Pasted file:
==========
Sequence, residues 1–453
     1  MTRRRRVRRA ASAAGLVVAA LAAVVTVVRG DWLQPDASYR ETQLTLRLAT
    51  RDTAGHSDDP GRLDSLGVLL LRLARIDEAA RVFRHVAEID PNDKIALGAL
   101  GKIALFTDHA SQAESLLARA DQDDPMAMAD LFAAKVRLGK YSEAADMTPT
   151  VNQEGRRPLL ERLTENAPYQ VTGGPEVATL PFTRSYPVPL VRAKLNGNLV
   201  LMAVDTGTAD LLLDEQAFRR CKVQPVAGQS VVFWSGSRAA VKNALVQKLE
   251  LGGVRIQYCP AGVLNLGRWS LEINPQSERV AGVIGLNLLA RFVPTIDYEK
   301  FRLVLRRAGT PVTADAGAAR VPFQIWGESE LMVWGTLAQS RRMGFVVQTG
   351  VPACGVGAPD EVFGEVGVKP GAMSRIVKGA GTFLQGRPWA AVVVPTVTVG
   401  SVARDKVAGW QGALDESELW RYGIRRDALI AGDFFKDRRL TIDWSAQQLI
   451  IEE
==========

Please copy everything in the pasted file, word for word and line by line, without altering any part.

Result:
Sequence, residues 1–453
     1  MTRRRRVRRA ASAAGLVVAA LAAVVTVVRG DWLQPDASYR ETQLTLRLAT
    51  RDTAGHSDDP GRLDSLGVLL LRLARIDEAA RVFRHVAEID PNDKIALGAL
   101  GKIALFTDHA SQAESLLARA DQDDPMAMAD LFAAKVRLGK YSEAADMTPT
   151  VNQEGRRPLL ERLTENAPYQ VTGGPEVATL PFTRSYPVPL VRAKLNGNLV
   201  LMAVDTGTAD LLLDEQAFRR CKVQPVAGQS VVFWSGSRAA VKNALVQKLE
   251  LGGVRIQYCP AGVLNLGRWS LEINPQSERV AGVIGLNLLA RFVPTIDYEK
   301  FRLVLRRAGT PVTADAGAAR VPFQIWGESE LMVWGTLAQS RRMGFVVQTG
   351  VPACGVGAPD EVFGEVGVKP GAMSRIVKGA GTFLQGRPWA AVVVPTVTVG
   401  SVARDKVAGW QGALDESELW RYGIRRDALI AGDFFKDRRL TIDWSAQQLI
   451  IEE